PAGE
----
The first ever "Concert in the Sky" at 39,000 ft on a Boeing 777 with Sheryl Crow to launch the United-Sony music partnership.
After I became a VP at Sony, my first assignment was to find a launch partner for the new Sony Connect division. Sony Connect was Sony’s first commercial digital download enterprise.
Utilizing our relationship with Visa, we negotiated a unique partnership with United's frequent flyer program to redeem miles for music downloads.
To launch the "Mileage Plus Music" campaign we combined our efforts with the inaugural launch of the Sony Connect service.
I negotiated with United's CMO to provide a Boeing 777 for the first in-flight concert. We utilized our relationship with Interscope Records to recruit Sheryl Crow to perform on a charter flight from Chicago to Los Angeles with 100 VIP’s and press.
We recorded all the 7 songs she performed for an exclusive digital download EP that we sold via Sony Connect, in addition to a 7 camera video shoot of the event. We edited an EPK during the flight and rushed it to satellite distribution after we landed to make all the network evening news.
We produced a 30 sec TV spot from the footage and ran the spot on all the United flights for 6 weeks after event.
United’s press team ran a media evaluation of all the print, online and TV exposure we generated and estimated we communicated to over 60 million folks worldwide.
Here's a short video of this historic event:
Crow's show at 39,000 feet makes skies friendlier for musicians, fans
May 5, 2004 by Bill Zwecker Chicago Sun Times
"Well, this gives new meaning to the mile-high club," quipped Sheryl Crow Tuesday at O'Hare Airport, just before embarking on her first-ever in-flight concert on United Airlines Flight No. 9907.
The Grammy winner teamed up with the Chicago-based carrier and Sony Music for the Chicago-to-L.A. flight to promote a new partnership that lets frequent fliers download songs via Sony's new Connect online music store.
Crow said the unusual marketing pitch appealed to her as "a longtime strong advocate of the protection of intellectual property rights. I think this is an exciting moment in the music business, a great alternative to make kids discover how not to steal from artists' creativity. Piracy has become such a terrible problem."
Crow laughed when asked how she felt when first approached about performing an acoustic, 40-minute set at 39,000 feet.
"First off, I wondered about the engine noise. How are we going to drown that out? What about plane vibrations? Where do we put the speakers? What if there's a lot of turbulence?"
Martin White, the airline's senior vice president of marketing, was beaming nearby. The unusual promotion had been his idea, a pitch to his corporate bosses that wasn't necessarily easy "but clearly will be well worth it," White said.
When asked why Crow seemed the natural choice as the first in-flight performer, White winked. "Well, first of all, I'm a huge fan," he said. "But when we looked over the list of artists Sony suggested, we were most impressed with her record as an anti-piracy advocate. She's truly a leader among her peers in the business."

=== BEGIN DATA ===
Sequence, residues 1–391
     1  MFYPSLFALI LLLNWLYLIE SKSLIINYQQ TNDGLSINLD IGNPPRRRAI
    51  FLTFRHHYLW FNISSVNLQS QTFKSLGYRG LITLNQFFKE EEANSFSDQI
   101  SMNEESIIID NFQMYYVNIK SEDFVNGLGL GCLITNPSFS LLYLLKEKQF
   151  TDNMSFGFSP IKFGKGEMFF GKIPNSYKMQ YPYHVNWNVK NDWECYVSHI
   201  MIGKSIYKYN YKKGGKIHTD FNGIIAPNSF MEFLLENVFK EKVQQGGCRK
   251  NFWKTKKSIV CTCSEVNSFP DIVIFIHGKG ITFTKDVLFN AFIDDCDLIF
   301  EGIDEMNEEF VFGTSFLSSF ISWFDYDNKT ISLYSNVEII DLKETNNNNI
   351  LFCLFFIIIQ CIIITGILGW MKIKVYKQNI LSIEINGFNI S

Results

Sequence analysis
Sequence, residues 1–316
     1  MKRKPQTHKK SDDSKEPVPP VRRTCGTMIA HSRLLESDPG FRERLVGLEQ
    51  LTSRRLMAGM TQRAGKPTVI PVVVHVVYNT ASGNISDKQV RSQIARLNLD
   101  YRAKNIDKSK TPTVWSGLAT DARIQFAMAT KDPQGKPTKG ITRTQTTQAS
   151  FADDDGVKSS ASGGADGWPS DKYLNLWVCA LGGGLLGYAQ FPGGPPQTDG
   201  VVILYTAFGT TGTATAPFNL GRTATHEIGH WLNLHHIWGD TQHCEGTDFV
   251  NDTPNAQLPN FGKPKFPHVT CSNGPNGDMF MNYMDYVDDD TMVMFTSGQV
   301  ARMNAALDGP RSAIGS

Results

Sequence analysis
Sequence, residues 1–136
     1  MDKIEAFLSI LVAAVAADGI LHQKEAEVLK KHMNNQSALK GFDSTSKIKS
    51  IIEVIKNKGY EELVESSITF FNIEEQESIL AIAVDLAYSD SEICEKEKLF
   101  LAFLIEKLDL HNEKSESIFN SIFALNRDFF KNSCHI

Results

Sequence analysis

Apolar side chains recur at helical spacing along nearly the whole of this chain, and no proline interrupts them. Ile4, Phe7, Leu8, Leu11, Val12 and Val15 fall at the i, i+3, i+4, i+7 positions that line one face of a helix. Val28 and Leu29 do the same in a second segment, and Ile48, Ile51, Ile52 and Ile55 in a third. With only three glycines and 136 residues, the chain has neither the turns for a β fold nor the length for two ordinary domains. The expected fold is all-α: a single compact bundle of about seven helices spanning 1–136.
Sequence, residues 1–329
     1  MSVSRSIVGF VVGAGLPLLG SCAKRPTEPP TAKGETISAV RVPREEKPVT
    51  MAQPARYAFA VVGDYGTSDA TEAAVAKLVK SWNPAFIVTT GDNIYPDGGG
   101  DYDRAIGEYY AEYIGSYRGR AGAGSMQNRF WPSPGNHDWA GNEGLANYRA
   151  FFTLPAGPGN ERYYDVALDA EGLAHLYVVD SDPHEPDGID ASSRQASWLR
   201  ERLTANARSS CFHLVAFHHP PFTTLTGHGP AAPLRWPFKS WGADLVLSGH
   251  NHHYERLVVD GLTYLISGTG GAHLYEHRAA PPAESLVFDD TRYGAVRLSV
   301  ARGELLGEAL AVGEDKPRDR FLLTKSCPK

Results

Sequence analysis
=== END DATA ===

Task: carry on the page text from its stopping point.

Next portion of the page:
By 11 a.m., a group of specially invited United and Sony guests and members of the press (including this columnist) were on board. According to White, this was only the second time the brand new Boeing 777 had "welcomed a celebrity into the friendly skies -- the first time was back in February when we welcomed Oscar."
The Chicago-made Academy Awards were transported on the same plane to the 76th annual Oscar presentation in Hollywood.
A special welcome from the plane's captain indicated, "While we've carefully plotted our routing today, it will be as the crow flies" -- a line that understandably drew loud but good-natured groans from the passengers.
Shortly after lunch was served, the entire passenger list switched seats, moving from the first-class, business and economy-plus sections to the rear of the plane, where Crow launched into her 40-minute gig.
"This is probably the first time being in the back of coach is the coolest place to be," quipped one Sony executive.About two hours into the flight, a very relaxed Crow schmoozed with the crowd and played some of her favorites, plus one new song.
"This is one of the craziest things I've ever done," she said. "I'm flying over so many states, I hope I don't have to pay taxes in any of them."
Added the singer, "I usually do this with pyro and dancers, but United wouldn't bite."Among the songs she and guitarist Tim Smith played during the 40-minute set were "A Change Will Do You Good," Cat Stevens' "First Cut Is the Deepest," "If It Makes You Happy" and "My Favorite Mistake" -- "a song that's really about somebody, but I can't tell you who," Crow cracked.
Her new selection: "Light in Your Eyes," which Crow said was "a brand new song inspired by George Harrison and all he went through at the end of his life, plus all the things he stood for at this time when we're again at war."
Shortly after the airborne Crow caper, everyone returned to their assigned seats and Flight 9907 set down at Los Angeles International Airport.
But the festivities did not end there. It was on to the Sony Music "campus" in Santa Monica, where Crow performed an entirely new program of her biggest hits.